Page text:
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Should I now be afhamed of his ways and Matth. 8. 38. fervants, how can I expect the bleffing? But indeed this Shame was a bold villain; I could fcarce fhake him out of my company; yea, he would be haunting of me, and continually whispering me in the ear, with fome de or other of the infirmities that attend religion; but at at I told him, it was but in vain to atttempt further in this bufinefs; for thofe things that he difcained, in those fid I fee most glory; and fo at laft I got paft this impor tunate.one. And when I had fhaken him off, then I be gan to fing

The trials that thofe men do meet withal,
That are obedient to the heavenly call,
Are manifold, and fuited to the flesh,

And come, and come, and come again afresh :
That now, or fometime elfe, we by them may
Be taken, overcome, and caft away.
O let the pilgrims, let the pilgrims then
Be vigilant, and quit themselves like men.

Chr. I am glad, my brother, that thou didst withstand his villain fo bravely for of all, as thou fayeft, I think he has the wrong name; for he is fo bold as to follow us the streets, and to attempt to put us to fhame before all men, that is, to make us ashamed of that which is good; But if he was not himself audacious, he would never attempt

to do as he does; but let us ftill refift him; for notwithflanding all his bravado's, he promoteth the fool, and none elfe. The wife fhall inherit glory, faid Solomon; but fhame fhall be the promotion of fools.

Prov. 3. 35.

Faith. I think we mult cry to him for help againft Shame, that would have us to be valiant for trath upon the earth. Chr. You fay true: But did you meet nobody else in that valley ?

Faith. No, not I; for I had fun-fhine all the rest of the way through that, and also through the valley of the shadows of death.

Chr. It was well for you; I am fure, it fared far otherwife with me; I had for a long feason, as foon almost as I entered into that valley, a dreadful combat with that foul fiend Apollyon; yea, I thought verily he would have killed me, especially when he got me down, and crushed me under him, as if he would have crushed me to pieces: For as he threw me, my fword flew out of my hand; nay, he told me he was fure of me; but I cried to God, and he heard me, and delivered me out of all my troubles. Then I entered into the valley of the fhadow of death, and had no light for almoft half the way through it, I thought I should have been killed there over and over; but at last day brake, and the fun arofe, and I went through that which was be hind with far more ease and quiet.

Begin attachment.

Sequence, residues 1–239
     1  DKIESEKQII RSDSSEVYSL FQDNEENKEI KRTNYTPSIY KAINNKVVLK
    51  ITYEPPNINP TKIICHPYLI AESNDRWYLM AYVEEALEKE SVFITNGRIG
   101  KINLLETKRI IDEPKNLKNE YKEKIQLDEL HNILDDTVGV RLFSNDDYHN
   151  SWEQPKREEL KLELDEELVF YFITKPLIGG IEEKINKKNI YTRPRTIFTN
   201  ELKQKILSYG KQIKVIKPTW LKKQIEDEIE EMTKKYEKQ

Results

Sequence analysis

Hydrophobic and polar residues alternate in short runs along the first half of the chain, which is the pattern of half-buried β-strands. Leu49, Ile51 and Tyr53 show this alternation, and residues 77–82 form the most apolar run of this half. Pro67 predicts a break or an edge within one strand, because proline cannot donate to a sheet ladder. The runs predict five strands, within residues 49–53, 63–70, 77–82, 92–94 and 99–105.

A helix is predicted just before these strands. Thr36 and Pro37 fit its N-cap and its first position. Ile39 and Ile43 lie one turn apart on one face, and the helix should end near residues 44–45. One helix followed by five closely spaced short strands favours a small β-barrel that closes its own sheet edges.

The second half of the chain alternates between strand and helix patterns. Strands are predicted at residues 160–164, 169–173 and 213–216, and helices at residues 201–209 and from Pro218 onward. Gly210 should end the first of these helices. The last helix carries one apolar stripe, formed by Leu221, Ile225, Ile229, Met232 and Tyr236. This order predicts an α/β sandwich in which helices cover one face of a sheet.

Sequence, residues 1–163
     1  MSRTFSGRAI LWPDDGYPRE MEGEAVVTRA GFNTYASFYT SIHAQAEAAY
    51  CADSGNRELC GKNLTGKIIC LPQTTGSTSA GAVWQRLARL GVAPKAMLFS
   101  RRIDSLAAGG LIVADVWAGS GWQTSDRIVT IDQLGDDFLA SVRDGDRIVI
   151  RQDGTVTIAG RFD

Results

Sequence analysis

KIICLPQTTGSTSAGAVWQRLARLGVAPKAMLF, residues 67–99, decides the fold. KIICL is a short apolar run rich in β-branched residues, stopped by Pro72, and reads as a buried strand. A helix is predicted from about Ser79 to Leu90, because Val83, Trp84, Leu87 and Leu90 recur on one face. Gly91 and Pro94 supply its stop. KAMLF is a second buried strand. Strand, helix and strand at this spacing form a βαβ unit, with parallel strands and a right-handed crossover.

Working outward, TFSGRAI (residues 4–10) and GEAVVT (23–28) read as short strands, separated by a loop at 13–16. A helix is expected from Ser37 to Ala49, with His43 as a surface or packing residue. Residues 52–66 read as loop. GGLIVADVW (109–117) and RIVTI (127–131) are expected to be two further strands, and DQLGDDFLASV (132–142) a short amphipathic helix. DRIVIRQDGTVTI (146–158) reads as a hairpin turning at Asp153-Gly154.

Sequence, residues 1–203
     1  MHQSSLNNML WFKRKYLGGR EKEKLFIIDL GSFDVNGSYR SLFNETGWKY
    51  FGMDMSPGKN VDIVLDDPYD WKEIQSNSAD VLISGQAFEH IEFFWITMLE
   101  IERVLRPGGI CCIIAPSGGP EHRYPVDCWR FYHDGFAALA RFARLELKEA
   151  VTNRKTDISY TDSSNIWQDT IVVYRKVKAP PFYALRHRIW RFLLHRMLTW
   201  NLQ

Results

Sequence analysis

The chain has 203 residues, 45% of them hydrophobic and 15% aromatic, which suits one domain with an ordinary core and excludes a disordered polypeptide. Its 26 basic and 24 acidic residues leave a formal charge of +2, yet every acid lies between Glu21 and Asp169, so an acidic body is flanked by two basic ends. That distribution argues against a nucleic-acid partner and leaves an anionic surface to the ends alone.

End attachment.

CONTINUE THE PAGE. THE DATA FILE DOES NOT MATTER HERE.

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Moreover I faw in my dream, that as they went on, Faithful, as he chanced to look on one fide, faw a man whofe name is Talkative, walking at a diftance befides them (for in this place there was room enough for them all to walk). He was a tall man, and fomething more comely at a diftance 'than at hand: To this man Faithful 'addreffed himfelf in this manner":

Talkative de

fcribed.

Faith. Friend, whither away? Are you going to the heavenly country?

Talk. I am going to the fame place.

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Faith. That is well; then I hope we may have your good company.

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Talk. With a very good will, will I be your companien. Faith. Come onthen, and let us go together, and let

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#fpend our time in difcouraging of things that are profi

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Talk. To talk of things that are good to Faithful and me is very acceptable, with you or with any Talkative enter s other, and I am glad that I have met with into discourse. those that incline to fo good a work: For

to speak the truth, there are but few that care thus to spend their time (as they are in their travels) but chufe much ra ther to be speaking of things to no profit; and this hath been a trouble to me.

Faith. This is indeed a thing to be lamented; for what thing fo worthy of the ufe of the tongue and mouth of men on earth, as are the things of the God of heaven ?

Talk like you wonderful well; for your fayings are full of conviction; and I will add, what things is fo plea fant, and what fo profitable, as to talk of the things of God

What things fo pleasant (that is, if a man hath any delight in things that are wonderful) for inftance: If a man doth delight to talk of the hiftory, or the mystery of things or if a man doth love to talk of miracles, wonders, or figns, where fhall he find things recorded fo delightful, and fo fweetly penned, as in the holy fcripture ? Faith. That's true; but to be profited by fuch things in our talk, fhould be our chief defign.

Talk. That is it that I faid: for to talk of fuch things is most profitable; for by fo doing, a man may get knowledge of many things; as of the vanity of earthly things, and the benefit of things above: Thus in general, but more particularly, by this a man may learn the neceflity of the new birth, the infufficiency of our works, the need of Chrift's righteoufnefs, c. Befides, by this, a man may learn what it is to repent, to believe, to pray, to fuffer, or the like: By this alfo a man may learn what are the great promifes and confolations of the gospel to his own comfort. Farther, by this a man may learn to refute falfe opinions, to vindicate the truth, and alfo to inftruct the ignorant. Faith. All this is true, and I am glad to hear these things from you.

Talk. Alas! the want of this is the cause O brave Talkathat fo few understand the need of faith, tave. and the neceffity of works of grace in their